Dementia can be one of the most debilitating neurological conditions that people can develop. Unfortunately, it is also one of the more misunderstood conditions, which can make it harder for people to effectively combat this condition themselves or to provide assistance to a loved one that is afflicted with it. Read on to learn about these three common myths about assisting dementia patients.
Myth: There Is No Point in Treating Them
It is a sad reality that there is simply not a cure for patients that suffer from dementia. However, this can lead to some individuals assuming that there is little need to treat this condition. Many health professionals still find that it's worth addressing dementia. There are several treatments that can help to slow the progression of this condition so that individuals will be able to maintain their quality of life for as long as possible. Without these steps, patients will often start to deteriorate fairly rapidly.
Myth: Dementia Patients Can Only Receive Care in Specialized Facilities
While it can be possible to help slow the progression of dementia, individuals may assume that these treatments can only be administered in a specialized care facility. In reality, in-home care is one of the more popular and effective options for patients that are suffering from dementia. Relocating to a specialized facility can be an extremely stressful experience for a dementia patient, which can indirectly worsen their symptoms. By receiving treatment in their own home, these patients will be able to avoid this stress and benefit from these treatments more. Additionally, being surrounded by familiar items and places can help these patients to remain grounded in reality, which can be extremely useful in their symptom management.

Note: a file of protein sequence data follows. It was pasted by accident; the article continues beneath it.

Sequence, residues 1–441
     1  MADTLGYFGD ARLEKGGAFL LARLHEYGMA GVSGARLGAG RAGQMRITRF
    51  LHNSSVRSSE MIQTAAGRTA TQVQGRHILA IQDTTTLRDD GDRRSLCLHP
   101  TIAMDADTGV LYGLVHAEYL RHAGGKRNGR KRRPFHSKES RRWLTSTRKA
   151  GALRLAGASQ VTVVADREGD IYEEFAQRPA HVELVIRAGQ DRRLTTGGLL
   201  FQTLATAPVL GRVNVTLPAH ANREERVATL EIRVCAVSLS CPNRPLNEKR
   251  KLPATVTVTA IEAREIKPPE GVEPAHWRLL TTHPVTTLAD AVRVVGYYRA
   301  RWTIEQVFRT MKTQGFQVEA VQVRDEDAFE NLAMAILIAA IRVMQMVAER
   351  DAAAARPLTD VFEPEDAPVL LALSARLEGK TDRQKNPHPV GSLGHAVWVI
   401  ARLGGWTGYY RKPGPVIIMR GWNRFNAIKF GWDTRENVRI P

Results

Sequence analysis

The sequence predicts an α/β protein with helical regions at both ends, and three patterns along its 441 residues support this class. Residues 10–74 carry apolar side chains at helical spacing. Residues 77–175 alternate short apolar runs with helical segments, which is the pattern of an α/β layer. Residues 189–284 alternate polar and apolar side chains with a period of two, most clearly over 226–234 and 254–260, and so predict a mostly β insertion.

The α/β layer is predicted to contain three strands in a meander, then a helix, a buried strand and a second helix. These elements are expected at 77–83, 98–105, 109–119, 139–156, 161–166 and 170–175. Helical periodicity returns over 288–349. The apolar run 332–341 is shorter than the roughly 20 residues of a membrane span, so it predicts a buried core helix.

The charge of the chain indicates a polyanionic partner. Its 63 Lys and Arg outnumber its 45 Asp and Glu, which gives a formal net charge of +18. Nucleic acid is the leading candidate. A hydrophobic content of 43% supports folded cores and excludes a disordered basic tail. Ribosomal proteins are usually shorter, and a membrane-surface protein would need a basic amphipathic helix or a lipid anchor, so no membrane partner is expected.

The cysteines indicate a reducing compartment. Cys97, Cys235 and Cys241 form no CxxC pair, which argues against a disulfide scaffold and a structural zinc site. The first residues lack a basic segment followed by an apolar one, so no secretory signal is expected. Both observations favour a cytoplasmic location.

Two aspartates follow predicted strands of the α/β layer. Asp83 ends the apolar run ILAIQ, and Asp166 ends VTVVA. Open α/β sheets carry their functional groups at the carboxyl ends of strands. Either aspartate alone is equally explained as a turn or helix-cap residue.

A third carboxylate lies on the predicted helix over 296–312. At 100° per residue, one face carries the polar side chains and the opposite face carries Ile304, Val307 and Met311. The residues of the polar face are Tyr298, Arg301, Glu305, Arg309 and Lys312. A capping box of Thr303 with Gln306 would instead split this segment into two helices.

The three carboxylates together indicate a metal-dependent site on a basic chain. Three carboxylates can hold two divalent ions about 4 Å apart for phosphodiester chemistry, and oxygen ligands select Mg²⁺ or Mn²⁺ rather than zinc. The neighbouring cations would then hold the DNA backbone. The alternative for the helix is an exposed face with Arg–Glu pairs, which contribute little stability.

Myth: Insurance Won't Cover In-Home Dementia Care
Any type of care for major medical problems can be expensive. In-home care is often assumed to be too expensive for patients to be able to afford it. However, these services are often covered under health insurance policies. This is especially true if in-home care is recommended by the patient's primary care provider. While it may seem strange that this type of care would be covered, it is a reality that in-home care can be substantially more affordable than the expenses that can accumulate with a full-time hospital stay. Due to these realities, you should consult with your health insurance provider in order to determine whether or not you will be able to get coverage for this type of treatment.
For more information, contact local dementia care services.